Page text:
If you have ever experienced the loss of a loved one or friend, a change in a relationship, or dealt with a serious or life-changing illness, you have likely experienced grief in some form. This is a very personal experience, and, at times, it can be a very overwhelming emotion. If you're experiencing loss, it's normal to have questions and to wonder what to expect as you move through the process and stages that come with grieving.
You may wonder why you have certain emotions or if it is normal to have the thoughts and feelings you are experiencing. You may ask yourself questions like "Am I supposed to be feeling this way?" "Why are others not affected as much as me?" or "What am I supposed to be feeling at this point?" It can become easy to compare the way you handle grief with what you perceive as another's way to grieve. It's important to understand that the emotions around grief are a personal journey and that everyone grieves differently.
The Five Stages of Grief
When many of us hear the word "grief", we associate it with sadness that is related to grief. However, people can experience it for other reasons. Any situation that disrupts life or the feeling of loss can result in a person grieving. The loss of a home or job, a relationship that ends, moving to a new city, or being unable to complete a goal can all cause similar emotions.
If you are dealing with grief, it's important to understand that grief is normal to have good days and bad days. It's also normal to feel like your moods fluctuate from time to time throughout processing your grief. As we will discuss in more detail in this article, there are common stages of grief that bereaved people usually experience. Your feelings are valid, and you have a right to grieve.
Does Everyone Experience The Same Stages?
It is all a personal journey. It is a process that takes time. As difficult as the process may seem, there is hope, and learning to understand the stages of this emotion can be the beginning to understanding that this is part of the journey, not the end of your journey. Take your time to grieve through the stages. Allow yourself to do it in your unique way but remember that help is available if you feel that anything is significantly impacting your life.
The symptoms appear differently in each person. They may appear as emotional, physical, or social disruptions, depending on how well you cope with grief and other stresses in your life. It's not uncommon for people to experience physical symptoms from grief such as headaches, loss of appetite, or sleep disorders.
Feeling like no one understands what you are going through or not feeling comfortable talking about the grief often leads to social isolation.
Grief is a process, but it is not all about feeling overwhelmed or distressed. There comes a time in the journey of the stages when working through changes and learning to rebuild life begins to occur. As the emotions associated with the process begin to settle and the mental strain of the initial part begins to ease, it becomes easier to work through feelings and to seek solutions for managing emotions and life in general. During this stage, a bereaved person may begin to set goals for the future.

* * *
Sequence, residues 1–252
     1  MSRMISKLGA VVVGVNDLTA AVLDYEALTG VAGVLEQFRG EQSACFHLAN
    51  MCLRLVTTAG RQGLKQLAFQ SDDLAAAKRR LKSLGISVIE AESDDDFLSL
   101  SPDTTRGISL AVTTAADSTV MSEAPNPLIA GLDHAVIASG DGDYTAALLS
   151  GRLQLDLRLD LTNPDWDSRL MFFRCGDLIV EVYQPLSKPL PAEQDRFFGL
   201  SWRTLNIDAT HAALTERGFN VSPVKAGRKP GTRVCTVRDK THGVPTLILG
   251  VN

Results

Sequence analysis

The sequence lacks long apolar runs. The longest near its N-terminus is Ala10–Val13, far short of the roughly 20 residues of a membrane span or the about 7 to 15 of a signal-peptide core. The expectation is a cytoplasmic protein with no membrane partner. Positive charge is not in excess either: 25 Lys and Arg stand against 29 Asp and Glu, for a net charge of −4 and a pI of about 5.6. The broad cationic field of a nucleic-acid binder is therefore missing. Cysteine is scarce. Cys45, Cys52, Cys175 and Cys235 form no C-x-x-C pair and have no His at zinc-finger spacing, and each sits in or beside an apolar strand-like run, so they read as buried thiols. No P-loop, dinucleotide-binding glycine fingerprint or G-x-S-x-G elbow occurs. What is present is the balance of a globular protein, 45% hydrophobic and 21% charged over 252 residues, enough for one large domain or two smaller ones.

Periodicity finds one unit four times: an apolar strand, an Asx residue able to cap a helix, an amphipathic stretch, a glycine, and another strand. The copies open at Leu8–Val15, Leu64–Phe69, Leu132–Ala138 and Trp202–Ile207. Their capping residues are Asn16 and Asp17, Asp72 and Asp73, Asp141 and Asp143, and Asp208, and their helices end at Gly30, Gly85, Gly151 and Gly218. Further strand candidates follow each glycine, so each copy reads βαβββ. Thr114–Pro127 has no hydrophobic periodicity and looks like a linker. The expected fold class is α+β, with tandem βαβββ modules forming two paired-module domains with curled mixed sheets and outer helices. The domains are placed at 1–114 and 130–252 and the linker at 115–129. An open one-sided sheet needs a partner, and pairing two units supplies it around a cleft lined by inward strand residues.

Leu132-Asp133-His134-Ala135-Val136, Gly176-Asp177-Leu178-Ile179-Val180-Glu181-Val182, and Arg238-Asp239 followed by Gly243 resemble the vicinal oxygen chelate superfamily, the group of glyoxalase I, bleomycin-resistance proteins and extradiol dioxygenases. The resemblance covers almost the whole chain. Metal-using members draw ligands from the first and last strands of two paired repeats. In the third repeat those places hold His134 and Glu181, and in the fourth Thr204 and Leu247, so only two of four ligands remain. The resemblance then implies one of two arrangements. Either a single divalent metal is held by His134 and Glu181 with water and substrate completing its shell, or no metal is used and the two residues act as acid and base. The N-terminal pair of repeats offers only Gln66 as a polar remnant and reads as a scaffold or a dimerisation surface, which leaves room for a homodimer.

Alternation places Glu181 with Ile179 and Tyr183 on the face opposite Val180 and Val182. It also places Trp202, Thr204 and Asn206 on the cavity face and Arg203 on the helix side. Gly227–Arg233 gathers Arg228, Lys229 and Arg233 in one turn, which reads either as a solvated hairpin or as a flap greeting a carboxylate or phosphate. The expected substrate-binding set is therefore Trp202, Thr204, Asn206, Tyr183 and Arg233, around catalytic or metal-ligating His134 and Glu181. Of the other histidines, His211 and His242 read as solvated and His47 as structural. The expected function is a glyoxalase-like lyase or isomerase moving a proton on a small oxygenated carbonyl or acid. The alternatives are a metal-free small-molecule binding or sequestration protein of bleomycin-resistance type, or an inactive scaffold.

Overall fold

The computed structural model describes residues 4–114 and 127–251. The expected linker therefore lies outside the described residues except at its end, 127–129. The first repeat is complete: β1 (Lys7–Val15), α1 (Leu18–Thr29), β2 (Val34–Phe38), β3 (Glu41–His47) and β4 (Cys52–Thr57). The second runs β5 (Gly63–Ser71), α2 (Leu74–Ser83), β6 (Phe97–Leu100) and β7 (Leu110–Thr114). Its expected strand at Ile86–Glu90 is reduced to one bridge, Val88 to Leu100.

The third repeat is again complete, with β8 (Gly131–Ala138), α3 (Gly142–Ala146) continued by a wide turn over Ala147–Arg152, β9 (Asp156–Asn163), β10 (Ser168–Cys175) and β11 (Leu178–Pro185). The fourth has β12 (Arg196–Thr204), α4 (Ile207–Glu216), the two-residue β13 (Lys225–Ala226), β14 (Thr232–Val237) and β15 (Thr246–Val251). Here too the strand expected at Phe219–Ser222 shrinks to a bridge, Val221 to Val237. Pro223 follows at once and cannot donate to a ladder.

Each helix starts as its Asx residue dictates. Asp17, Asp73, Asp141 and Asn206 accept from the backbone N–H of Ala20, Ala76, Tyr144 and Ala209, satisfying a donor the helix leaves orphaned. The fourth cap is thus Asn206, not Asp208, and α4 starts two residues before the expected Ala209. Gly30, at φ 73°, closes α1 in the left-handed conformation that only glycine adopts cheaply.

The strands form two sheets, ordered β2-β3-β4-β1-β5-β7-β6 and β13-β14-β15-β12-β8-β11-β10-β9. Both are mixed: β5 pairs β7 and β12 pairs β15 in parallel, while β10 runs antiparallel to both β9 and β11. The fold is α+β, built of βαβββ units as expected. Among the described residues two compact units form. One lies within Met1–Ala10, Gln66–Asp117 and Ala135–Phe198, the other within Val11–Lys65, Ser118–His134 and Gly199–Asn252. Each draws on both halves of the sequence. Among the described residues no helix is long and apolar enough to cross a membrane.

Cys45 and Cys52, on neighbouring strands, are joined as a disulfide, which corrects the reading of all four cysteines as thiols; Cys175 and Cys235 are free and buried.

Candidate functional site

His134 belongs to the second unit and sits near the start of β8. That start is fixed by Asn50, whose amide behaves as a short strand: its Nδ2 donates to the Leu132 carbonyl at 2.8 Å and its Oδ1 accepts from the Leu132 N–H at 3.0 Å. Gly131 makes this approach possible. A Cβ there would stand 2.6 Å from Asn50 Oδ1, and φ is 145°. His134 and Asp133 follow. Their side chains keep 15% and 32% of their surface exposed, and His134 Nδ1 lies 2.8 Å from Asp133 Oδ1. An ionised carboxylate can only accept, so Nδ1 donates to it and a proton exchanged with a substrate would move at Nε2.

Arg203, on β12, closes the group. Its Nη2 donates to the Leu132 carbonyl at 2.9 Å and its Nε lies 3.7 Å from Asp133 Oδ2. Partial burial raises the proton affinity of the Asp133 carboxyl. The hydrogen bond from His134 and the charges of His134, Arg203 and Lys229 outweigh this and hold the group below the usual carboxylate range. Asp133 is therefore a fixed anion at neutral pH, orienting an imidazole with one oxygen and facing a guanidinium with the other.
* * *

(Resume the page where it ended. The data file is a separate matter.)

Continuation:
Keep in mind, although this stage is related to grieving, it is more about the bereaved person begins to have a sense of control over his/her life again. Life begins to feel less tumultuous and focusing on physical and mental well-being seems like a less daunting task.
Mental health conditions such as bipolar disorder, ADHD, and schizophrenia are a few illnesses that can lead to complicated bereavement. Because people with mental illness often experience alterations in the way they process thoughts and emotions, the effects of grief can be profound, the stages may change with the symptoms of a mental illness.
Postpartum depression, affective disorder, anxiety, and panic attacks can also make the symptoms of grief seem much worse. Recognizing symptoms of anxiety or depression and any other mental illness that you or a loved one has experienced is key to understanding when it's time to seek medical advice and a diagnosis.
If you or someone you know has been diagnosed with a mental illness and is also experiencing bereavement, it is important to see a primary care provider and/or mental health provider to make sure any necessary measures that can promote emotional well-being are implemented and followed.
Grief can feel like an emotional rollercoaster at times. However, there are ways to learn to cope with grief and the sadness that occurs and to begin healing.
While each person deals with grief differently and goes through different stages, there are some things that you can do to begin coping healthily.
Even with an active support system, the process is not always simple. Some people may feel unable or unwilling to move from one phase to another, leaving them feeling "stuck" in a particular stage. It's important to remember that these stages or steps are personal. These people experience what is known as complicated grief. Complicated grief is the term used to describe a bereaved person feeling "trapped" in the emotions associated with grief. When this occurs, the bereaved person may express feeling unending feelings of anger or sadness and may remain in denial regardless of the efforts of others to help. This is a chronic condition that often requires the assistance of mental health professionals.